As drought drives prices higher, millions of Californians struggle to pay for water
In the last year, Californians have paid about $10 a month extra to buy water for their lawns and swimming pools, according to the California Department of Water Resources. It’s the highest cost of water since the state began keeping records in the 1970s.
The high price of drinking water is a growing source of discontent for Californians. About a third of the state’s population lives in “drought-stricken” counties, according to the National Drought Mitigation Center, and nearly two-thirds of that region is in California. The state has the worst drought in its history, according to the U.S. Drought Monitor, according to the University of California’s Climate Registry, and it is forecast to become drier and hotter than it is now by the end of the century.
Yet another way the state is struggling to deal with the impacts of climate change is by the sheer amount of water it is using up each year. From January to September, the Department of Water Resources estimates that more than a third of California’s water is being used up by lawns, trees, fish farms, golf courses and other lawn- and golf-playing businesses. In October, that number jumps up even more, with more than a quarter of California’s water being used up by water-stressed crops and lawns.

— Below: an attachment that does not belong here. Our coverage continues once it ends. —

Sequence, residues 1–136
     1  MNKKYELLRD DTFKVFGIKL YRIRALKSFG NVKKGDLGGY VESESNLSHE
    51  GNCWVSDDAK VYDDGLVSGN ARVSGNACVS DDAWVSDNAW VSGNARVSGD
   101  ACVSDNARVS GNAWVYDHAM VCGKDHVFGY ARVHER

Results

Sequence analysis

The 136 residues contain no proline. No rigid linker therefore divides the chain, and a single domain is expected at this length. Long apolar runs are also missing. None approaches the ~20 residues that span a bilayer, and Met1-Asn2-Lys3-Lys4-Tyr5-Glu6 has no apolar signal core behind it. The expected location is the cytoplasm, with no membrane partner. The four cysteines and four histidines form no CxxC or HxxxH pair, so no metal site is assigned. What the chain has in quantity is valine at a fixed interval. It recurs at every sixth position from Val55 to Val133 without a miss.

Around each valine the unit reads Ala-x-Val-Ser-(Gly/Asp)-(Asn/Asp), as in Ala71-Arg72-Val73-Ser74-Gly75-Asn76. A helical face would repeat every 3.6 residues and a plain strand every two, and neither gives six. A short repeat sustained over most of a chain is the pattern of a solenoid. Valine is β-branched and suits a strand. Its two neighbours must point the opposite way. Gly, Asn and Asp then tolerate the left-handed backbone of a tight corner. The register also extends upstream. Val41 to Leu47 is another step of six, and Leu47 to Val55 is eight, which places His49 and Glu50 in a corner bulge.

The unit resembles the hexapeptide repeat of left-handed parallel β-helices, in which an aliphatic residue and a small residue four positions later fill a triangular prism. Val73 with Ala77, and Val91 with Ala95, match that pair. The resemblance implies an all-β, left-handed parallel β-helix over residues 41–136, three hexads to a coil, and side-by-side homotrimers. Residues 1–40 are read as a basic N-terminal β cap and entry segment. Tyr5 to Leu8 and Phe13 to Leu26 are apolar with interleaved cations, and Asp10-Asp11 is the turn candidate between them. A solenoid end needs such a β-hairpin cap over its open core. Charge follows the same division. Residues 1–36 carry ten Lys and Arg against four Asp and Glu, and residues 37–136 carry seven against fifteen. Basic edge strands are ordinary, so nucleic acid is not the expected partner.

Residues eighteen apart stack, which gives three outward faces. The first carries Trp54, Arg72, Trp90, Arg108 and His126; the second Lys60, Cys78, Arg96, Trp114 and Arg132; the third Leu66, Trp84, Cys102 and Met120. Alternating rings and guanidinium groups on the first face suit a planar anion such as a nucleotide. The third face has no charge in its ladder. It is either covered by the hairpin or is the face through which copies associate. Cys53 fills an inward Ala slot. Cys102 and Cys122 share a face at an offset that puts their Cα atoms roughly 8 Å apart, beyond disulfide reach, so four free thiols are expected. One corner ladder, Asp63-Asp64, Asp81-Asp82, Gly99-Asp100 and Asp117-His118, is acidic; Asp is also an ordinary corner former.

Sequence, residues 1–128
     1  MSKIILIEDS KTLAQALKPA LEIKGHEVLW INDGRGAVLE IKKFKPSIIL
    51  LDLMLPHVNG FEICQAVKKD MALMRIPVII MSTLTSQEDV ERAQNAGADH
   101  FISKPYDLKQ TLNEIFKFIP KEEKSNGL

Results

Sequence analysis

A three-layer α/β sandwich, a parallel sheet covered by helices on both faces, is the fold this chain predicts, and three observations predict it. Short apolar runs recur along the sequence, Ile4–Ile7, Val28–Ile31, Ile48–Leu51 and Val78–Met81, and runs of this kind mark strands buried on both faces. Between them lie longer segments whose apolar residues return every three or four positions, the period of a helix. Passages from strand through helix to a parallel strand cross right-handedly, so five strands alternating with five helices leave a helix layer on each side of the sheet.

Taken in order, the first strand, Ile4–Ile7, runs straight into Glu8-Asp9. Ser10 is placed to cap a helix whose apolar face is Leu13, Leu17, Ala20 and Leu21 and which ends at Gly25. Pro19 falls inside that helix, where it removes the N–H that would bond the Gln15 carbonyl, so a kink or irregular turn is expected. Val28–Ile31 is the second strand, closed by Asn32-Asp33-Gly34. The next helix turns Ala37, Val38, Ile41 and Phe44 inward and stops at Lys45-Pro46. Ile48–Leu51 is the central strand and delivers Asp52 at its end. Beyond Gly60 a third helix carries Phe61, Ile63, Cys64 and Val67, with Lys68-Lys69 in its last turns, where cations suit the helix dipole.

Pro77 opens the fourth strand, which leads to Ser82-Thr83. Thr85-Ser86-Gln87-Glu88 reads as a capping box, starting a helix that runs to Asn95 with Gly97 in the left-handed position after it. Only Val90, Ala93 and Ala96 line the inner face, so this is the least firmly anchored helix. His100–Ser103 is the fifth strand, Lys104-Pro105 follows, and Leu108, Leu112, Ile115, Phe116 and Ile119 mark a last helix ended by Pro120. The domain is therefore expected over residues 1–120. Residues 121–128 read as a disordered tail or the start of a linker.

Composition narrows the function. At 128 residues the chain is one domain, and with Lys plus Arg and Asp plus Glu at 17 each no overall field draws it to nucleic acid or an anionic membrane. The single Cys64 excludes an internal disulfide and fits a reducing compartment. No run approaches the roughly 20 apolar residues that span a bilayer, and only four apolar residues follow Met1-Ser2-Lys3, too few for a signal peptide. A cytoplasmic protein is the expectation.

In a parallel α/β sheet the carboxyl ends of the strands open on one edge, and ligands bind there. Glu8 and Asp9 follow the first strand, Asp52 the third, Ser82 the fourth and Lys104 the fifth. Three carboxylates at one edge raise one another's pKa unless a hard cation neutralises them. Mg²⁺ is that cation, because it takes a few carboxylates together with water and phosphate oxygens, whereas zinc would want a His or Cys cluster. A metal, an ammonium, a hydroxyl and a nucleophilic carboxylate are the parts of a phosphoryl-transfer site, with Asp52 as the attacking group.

And the state is not doing much to reverse that trend. “The water that we use to produce food is essentially infinite,” said Mike Peevy, a scientist with the UC-Davis Energy Institute. “But we are not using it up fast enough.”
The drought in California is the worst on record, according to the state. It has caused water reserves to drop in the Sierra Nevada range and elsewhere in the state, forcing schools throughout the state to turn students down because the streams are too dry to fish. And, like the drought in the rest of the country, the California drought is predicted to become worse and last longer than it has been over the past two decades.
How bad is it?
There is no way to quantify the water that